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Still Life with Vase of Chrysanthemus
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Still Life with Vase of Chrysanthemus

Description Conservation Exhibitions Provenance Inscription Credit
Description Léon Bonvin was born in Vaugirard, just outside Paris in 1834. Despite displaying great talent in the medium of watercolor he was largely unrecognized by his contemporaries. In 1866 he hanged himself at the age of 32, apparently due to financial difficulties. Working at his family's bar or "cabaret," he sketched and painted watercolors only in his spare moments, yet in the seven year period between 1859 and his death he created numerous exquisite still lifes of flowers and fruits, and subtle landscapes capturing fleeting atmospheric effects. There is evidence that, despite his rural home, Bonvin did have knowledge of the art world in Paris. His half-brother was the better known artist, François Bonvin. In addition Bonvin's still lifes show the influence of Jean-Siméon Chardin (1699-1779), whose work was undergoing a revival in the 1850s and 60s. During the 19th century an appreciation of Bonvin's work was confined to a small circle of connoisseurs and collectors, most prominent among them William T. Walters, father of Henry Walters, founder of the Walters Art Museum. For much of the 19th century William displayed and stored his watercolors in a deluxe leather-bound album with a specially commissioned frontispiece and tailpiece by the renowned flower painter of the Lyon school, Jean-Marie Reignier (see WAM 37.1501 and 37. 1531). William's collection of Bonvin's work was acquired between 1862 and 1891, and eventually comprised 56 watercolors and one, rare oil; today, this is the largest collection of Bonvin's work in existence.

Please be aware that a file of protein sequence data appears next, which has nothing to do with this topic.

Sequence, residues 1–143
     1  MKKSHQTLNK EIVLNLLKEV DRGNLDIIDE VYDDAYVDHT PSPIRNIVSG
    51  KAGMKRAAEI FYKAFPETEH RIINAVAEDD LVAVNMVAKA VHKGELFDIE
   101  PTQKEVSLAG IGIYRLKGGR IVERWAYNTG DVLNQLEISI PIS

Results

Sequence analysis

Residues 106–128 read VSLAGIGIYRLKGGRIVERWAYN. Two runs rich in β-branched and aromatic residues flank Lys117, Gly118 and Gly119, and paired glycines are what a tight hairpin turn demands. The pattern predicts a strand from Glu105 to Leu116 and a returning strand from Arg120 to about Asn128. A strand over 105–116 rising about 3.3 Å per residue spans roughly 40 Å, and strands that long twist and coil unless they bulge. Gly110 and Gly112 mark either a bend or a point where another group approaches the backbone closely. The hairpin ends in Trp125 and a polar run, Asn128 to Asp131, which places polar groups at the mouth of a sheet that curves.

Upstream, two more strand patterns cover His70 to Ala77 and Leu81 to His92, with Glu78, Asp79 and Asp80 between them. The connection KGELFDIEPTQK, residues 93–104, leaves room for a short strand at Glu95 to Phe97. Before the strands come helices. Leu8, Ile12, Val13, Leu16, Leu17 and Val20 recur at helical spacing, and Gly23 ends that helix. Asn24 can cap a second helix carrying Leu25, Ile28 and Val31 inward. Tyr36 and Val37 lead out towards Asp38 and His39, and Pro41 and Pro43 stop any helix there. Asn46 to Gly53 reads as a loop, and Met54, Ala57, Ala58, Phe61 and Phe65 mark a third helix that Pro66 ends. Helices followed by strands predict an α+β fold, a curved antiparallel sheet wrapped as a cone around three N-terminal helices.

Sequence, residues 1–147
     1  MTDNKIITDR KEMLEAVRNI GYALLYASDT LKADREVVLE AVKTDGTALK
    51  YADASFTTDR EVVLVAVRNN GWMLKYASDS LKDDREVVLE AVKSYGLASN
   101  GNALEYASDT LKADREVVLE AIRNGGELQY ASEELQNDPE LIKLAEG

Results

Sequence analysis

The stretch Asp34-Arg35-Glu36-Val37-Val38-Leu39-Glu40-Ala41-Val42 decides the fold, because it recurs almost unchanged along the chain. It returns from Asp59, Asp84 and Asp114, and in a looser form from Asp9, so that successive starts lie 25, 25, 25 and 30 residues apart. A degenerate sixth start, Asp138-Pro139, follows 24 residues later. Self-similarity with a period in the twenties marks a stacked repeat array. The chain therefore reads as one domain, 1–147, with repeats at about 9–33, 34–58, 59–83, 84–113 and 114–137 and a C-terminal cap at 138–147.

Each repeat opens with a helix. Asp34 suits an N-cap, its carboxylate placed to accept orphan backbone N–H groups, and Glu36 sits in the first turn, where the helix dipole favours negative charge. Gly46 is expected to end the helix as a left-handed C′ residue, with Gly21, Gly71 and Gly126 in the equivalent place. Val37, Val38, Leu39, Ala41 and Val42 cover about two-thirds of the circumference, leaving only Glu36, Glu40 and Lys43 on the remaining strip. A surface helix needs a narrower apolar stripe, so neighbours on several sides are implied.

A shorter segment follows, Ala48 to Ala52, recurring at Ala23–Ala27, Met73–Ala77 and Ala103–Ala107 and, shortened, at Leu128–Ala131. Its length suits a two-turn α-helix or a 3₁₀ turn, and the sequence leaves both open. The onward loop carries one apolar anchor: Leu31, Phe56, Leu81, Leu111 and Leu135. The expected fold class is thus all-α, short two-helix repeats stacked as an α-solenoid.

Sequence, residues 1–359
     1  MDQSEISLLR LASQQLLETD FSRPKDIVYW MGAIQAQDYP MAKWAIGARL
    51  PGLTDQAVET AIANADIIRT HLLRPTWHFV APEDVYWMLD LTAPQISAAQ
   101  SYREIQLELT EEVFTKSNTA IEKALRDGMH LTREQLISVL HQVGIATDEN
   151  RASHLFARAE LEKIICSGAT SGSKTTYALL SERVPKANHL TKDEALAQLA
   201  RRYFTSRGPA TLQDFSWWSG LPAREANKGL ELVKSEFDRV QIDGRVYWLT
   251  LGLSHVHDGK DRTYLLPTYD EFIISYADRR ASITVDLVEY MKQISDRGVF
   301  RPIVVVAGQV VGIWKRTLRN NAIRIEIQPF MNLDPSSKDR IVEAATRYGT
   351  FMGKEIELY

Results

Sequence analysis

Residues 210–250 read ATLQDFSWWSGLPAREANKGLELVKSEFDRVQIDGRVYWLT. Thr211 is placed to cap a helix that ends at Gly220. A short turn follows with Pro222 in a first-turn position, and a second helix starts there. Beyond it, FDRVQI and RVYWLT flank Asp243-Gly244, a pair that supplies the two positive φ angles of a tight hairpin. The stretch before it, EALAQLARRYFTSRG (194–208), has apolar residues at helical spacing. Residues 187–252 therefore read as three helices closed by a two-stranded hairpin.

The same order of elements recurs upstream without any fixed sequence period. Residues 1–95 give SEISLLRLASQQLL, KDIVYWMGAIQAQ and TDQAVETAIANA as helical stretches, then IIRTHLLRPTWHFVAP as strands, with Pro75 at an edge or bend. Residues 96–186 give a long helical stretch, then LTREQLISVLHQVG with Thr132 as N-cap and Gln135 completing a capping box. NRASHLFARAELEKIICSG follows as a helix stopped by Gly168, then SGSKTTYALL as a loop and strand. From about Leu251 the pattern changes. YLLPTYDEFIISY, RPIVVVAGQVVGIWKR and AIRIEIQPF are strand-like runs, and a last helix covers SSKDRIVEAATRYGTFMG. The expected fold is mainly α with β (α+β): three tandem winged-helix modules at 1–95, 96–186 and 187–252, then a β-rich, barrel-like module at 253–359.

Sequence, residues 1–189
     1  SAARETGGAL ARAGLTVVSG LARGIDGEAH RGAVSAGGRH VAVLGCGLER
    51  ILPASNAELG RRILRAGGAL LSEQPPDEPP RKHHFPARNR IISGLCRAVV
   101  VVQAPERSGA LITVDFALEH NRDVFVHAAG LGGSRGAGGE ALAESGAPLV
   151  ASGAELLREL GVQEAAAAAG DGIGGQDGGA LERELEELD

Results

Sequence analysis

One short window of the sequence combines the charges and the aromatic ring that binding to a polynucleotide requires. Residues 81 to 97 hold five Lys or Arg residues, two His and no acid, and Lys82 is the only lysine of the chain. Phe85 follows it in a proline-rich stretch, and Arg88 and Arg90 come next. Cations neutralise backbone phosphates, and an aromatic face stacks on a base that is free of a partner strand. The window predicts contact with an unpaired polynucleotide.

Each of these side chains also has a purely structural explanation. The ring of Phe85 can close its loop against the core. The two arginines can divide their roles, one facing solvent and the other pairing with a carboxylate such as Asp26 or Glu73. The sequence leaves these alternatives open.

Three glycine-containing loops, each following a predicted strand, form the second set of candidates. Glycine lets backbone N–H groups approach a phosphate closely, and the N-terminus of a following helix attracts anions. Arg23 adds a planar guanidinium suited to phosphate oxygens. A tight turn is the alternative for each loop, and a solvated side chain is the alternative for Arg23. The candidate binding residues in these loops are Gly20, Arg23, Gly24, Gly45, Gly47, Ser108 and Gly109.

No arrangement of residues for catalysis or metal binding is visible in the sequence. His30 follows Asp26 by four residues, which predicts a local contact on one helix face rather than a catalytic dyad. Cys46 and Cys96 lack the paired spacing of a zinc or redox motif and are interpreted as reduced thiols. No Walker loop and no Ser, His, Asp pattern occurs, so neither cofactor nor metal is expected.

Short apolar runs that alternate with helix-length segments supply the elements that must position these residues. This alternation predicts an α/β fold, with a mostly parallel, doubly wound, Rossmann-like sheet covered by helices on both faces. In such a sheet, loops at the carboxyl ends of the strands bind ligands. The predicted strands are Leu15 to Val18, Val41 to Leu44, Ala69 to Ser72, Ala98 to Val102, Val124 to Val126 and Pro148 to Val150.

Date Description Narrative
1/01/2002Treatmentexamined for exhibition; re-housed; mounted; cleaned; repaired; other
  • The Essence of Line: French Drawings from Ingres to Degas. The Walters Art Museum, Baltimore; Baltimore Museum of Art, Baltimore; Birmingham Museum of Art, Birmingham; Tacoma Art Museum, Tacoma. 2005-2006.
Provenance Acquired by William T. Walters, Baltimore, 1862 (?) [George A. Lucas as agent] [1], certainly acquired before 1885 [2]; Henry Walters, Baltimore, 1894, by inheritance; Walters Art Museum, 1931, by bequest. [1] based on the date in the inscription this may be the drawing referred to in the diary entry for 22 November 1862 "Bonvin frère & paid him for Walters drawing of flowers - 50 fs." Randall, Diaries of George A. Lucas, vol. 2, p. 144. [2] Published as a wood engraving in "Harper's New Monthly Magazine," 1885, captioned as "owned by Mr. W. T. Walters.
Inscriptions [Signature and date] In brown ink, lower left: Léon Bonvin 1862; [Number] In graphite, center upper edge, verso: A2; [Number] In graphite, center, verso: A2; [Number] In graphite above and right of center, verso: 41; [Number] In graphite below center, verso: 4; [Number] In graphite, lower left, verso: 31
Credit Commissioned by William T. Walters, 1862 (?), certainly acquired before 1885

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watercolor with gum heightening, iron gall ink and pen, over graphite underdrawing on slightly textured, moderately thick, cream laid paper
(Painting & Drawing)
Accession Number
H: 6 x W: 5 7/8 in. (15.2 x 14.9 cm)
Location Within Museum
Not On View


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